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Even if we believe that calculus satisfactorily solves Zeno's paradoxes, we can't earnestly say that conceptual clarity was achieved before Cauchy's definition of the limit in the 19th century.

For Descartes, there was only some very non-rigorous proto-calculus (as we know, he himself made important contributions).

How was this acceptable for Descartes?

He himself didn't like infinitesimals - in differentiation.

Unsurprisingly, since the concept behind dx/dt is extremely confused and vague (not talking about modern rigorous reformulations). Far removed from being "clear and distinct".

But this just means that there was no solution available to him. Just doing differentiation algebraically by unproven rules is even worse and reduces the mathematical treatment of motion to guess-work.

Did Descartes ever defend his choice to accept something as muddled as motion in his philosophy? Something which contemporary mathematicians had just an inchoate understanding of, and handled in a mysterious, "occult" conceptual framework?

Zeno's paradoxes, at the very least, show how much humans struggle with the concept. He couldn't have claimed that we simply possess a clear and distinct idea of motion.

  • "differentiation" and "concept behind dx/dt" in Descartes ? – Mauro ALLEGRANZA Jul 29 at 5:56
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    Motion was quite "clear" to Descartes: "Descartes’ Principles of Philosophy also presents his most extensive discussion of the phenomena of motion, which is defined as “the transfer of one piece of matter or of one body, from the neighborhood of those bodies immediately contiguous to it and considered at rest, into the neighborhood of others” (Pr II 25)." – Mauro ALLEGRANZA Jul 29 at 5:58
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    Why do you assume that the calculus solution could be the only one available to Descartes? Zeno's paradoxes were considered solved by Aristotle, and his solution was not questioned until 19th century, Why is Aristotle's objection not considered a resolution to Zeno's paradox? That aside, Euclid and Archimedes "clearly and distinctly" expounded the method of exhaustion, which can solve Zeno's paradoxes in the same fashion that calculus supposedly does. Btw, Descartes did not use infinitesimals, but did use Archimedean indivisibles. – Conifold Jul 29 at 9:03
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    He did not need to "believe". Archimedes did not "believe" in atoms either, but he knew how to convert arguments with them into double reductios. To Descartes, like others after Aristotle, infinite divisibility was only potential and Zeno's arguments could not get off the ground. – Conifold Aug 1 at 4:46
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You can read this reference

Newton's critique of Descartes's Theory of Motion Carmical, Alex W. Purdue University, ProQuest Dissertations Publishing, 2010.

https://docs.lib.purdue.edu/dissertations/AAI3413777/

and

The Descartes-Newton paradox: Clashing theories of planetary motion at the turn of the eighteenth century Jean-Sébastien Spratt Vassar College

https://digitalwindow.vassar.edu/cgi/viewcontent.cgi?article=1617&context=senior_capstone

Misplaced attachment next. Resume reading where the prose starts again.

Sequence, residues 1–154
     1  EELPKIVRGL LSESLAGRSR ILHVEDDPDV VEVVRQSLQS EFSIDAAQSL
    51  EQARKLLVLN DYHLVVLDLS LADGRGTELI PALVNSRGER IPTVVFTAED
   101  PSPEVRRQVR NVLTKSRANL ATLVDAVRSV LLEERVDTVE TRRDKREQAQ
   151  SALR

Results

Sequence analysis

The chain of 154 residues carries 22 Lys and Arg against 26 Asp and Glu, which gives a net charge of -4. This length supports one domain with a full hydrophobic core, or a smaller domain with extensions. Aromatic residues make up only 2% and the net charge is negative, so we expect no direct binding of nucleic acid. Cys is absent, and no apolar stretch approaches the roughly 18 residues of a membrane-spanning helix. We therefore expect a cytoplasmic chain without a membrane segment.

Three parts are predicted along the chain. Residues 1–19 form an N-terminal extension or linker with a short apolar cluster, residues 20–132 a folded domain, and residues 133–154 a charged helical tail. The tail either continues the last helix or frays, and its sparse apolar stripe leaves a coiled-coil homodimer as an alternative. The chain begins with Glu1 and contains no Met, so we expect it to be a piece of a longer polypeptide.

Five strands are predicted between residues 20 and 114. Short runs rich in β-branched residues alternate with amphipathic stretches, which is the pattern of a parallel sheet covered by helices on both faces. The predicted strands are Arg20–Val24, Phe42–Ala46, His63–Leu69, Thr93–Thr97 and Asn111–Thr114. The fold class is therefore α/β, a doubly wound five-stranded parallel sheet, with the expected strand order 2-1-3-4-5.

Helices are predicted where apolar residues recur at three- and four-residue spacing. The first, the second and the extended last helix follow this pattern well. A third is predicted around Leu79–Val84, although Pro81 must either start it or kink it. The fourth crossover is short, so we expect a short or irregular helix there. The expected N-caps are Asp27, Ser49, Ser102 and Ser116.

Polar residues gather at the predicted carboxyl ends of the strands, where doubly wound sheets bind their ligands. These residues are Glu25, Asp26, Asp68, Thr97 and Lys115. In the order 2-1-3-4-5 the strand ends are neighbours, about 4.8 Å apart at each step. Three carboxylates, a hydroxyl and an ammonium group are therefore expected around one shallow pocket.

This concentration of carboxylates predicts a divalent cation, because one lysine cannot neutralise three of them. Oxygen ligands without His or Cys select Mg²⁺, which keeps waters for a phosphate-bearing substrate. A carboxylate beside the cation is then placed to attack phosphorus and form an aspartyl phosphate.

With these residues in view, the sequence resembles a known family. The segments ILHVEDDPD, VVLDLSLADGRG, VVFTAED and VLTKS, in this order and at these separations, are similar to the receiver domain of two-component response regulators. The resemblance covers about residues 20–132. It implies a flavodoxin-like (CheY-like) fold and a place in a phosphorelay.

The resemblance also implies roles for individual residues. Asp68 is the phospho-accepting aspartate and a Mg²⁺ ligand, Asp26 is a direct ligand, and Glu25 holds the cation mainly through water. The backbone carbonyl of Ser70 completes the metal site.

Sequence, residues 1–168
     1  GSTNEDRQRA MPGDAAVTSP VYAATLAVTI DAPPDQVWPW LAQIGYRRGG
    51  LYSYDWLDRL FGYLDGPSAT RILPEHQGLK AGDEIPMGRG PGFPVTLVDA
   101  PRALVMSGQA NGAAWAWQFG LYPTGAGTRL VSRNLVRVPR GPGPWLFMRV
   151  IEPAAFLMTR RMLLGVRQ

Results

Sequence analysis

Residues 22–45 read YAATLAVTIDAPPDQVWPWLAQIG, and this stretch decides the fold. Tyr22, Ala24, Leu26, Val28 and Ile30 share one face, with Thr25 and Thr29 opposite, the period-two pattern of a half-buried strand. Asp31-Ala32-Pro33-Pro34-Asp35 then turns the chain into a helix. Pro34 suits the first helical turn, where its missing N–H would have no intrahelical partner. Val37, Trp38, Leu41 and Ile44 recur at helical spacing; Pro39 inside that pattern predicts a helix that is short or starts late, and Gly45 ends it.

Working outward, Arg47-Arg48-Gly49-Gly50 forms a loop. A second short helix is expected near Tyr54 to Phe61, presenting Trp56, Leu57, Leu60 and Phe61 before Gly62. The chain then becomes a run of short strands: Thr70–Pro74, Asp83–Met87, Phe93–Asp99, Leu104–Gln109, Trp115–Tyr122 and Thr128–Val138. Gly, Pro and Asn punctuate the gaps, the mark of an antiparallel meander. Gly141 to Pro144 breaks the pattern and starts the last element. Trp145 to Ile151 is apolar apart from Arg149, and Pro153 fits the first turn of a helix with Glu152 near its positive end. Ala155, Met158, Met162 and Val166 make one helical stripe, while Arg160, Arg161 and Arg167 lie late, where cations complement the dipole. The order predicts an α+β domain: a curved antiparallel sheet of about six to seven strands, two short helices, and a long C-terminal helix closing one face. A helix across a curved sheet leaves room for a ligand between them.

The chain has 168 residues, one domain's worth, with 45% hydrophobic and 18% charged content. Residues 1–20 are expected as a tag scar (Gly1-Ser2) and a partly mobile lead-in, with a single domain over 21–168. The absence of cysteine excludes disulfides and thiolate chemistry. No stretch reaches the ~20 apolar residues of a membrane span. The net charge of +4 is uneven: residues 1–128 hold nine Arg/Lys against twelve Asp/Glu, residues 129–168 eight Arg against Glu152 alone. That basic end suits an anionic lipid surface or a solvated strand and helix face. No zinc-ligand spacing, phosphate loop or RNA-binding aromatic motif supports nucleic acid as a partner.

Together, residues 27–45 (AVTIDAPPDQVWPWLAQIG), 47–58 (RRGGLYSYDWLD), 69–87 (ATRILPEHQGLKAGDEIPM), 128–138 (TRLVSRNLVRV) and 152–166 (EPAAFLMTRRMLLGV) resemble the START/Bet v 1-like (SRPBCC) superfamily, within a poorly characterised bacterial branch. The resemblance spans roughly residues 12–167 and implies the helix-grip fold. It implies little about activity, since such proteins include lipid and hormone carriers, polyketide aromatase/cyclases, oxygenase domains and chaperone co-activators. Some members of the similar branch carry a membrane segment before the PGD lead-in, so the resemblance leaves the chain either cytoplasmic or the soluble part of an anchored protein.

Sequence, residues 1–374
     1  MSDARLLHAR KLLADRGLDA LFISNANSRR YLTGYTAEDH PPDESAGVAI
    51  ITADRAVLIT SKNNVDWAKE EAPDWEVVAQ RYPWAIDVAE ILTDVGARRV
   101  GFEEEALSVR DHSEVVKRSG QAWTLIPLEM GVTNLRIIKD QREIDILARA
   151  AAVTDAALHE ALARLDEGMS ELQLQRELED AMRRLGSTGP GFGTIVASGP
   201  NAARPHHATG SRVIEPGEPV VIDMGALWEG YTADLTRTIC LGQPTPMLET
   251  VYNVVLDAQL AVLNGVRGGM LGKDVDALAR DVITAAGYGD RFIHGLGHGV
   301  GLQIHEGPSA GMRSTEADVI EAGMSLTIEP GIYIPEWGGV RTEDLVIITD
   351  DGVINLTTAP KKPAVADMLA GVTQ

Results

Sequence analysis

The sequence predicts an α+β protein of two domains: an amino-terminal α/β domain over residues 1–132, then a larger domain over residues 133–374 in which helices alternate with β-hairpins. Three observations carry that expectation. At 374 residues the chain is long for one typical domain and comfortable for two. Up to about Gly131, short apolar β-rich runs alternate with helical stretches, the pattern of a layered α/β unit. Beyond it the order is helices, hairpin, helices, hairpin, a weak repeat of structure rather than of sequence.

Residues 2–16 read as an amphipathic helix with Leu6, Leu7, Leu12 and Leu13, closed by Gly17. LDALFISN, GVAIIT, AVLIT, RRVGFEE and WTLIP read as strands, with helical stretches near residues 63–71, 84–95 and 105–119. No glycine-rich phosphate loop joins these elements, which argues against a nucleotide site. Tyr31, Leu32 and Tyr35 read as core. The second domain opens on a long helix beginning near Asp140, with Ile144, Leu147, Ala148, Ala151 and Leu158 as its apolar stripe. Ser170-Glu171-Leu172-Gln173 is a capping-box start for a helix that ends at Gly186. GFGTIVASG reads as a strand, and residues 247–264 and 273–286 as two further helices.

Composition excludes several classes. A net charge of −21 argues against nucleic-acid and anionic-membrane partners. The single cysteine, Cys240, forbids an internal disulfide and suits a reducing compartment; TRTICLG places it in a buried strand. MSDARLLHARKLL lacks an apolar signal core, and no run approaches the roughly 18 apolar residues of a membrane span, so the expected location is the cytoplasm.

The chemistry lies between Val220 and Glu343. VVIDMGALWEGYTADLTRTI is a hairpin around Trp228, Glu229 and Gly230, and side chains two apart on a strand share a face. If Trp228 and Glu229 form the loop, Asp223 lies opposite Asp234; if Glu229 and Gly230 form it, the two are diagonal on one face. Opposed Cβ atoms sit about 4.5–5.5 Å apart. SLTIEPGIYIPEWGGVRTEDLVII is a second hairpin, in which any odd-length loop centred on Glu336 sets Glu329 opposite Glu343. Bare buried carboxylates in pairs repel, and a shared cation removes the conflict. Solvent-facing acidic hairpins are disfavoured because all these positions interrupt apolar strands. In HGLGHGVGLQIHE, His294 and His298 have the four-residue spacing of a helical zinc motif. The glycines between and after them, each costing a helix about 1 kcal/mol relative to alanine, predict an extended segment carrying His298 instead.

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Rereading a few pages from Chap. 7 of The World makes the above questioning really puzzling.

Did Descartes ever defend his choice to accept something as muddled as motion in his philosophy? Something which contemporary mathematicians had just an inchoate understanding of, and handled in a mysterious, "occult" conceptual framework?

Descartes wrote

The |Philosophers| themselves avow that the nature of their motion is very little known. To render it in some way intelligible, they have still not been able to explain it more clearly than in these terms: motus est actus entis in potentia, prout in potentia est, which terms are for me so obscure that I am constrained to leave them here in their language, because I cannot interpret them. (And, in fact, the words, "motion is the act of a being in potency, insofar as it is in potency," are no clearer for being in [English].) On the contrary, the nature of the motion of which I mean to speak here is so easy to know that mathematicians themselves, who among all men studied most to conceive very distinctly the things they were considering, judged it simpler and more intelligible than their surfaces and their lines. So it appears from the fact that they explained the line by the motion of a point, and the surface by that of a line.

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  • I don't think the question is "really puzzling". The quoted paragraph also shows this. It does e.g. not apply to Fermat, who successfully used different (more advanced) methods to tackle motion. It's easy for Descartes to claim that mathematicians are men who clearly and distinctly understand motion, and they understand it like him ... if he usurps the role as supreme arbiter of who is a "true" mathematician. So thanks, the quote shows he did defend his choice: motion is just to be understood as a position function (x(t), y(t), z(t)). But his defense is very bad. – viuser Jul 31 at 20:12
  • With the concept of kinetic energy we can stomach the statement that being at point x a body has speed v and we understand all the rhetoric involved ; analyzing motion in terms of actuality and potentiality generates trouble just as analyzing it as position and speed. – sand1 Aug 1 at 12:07

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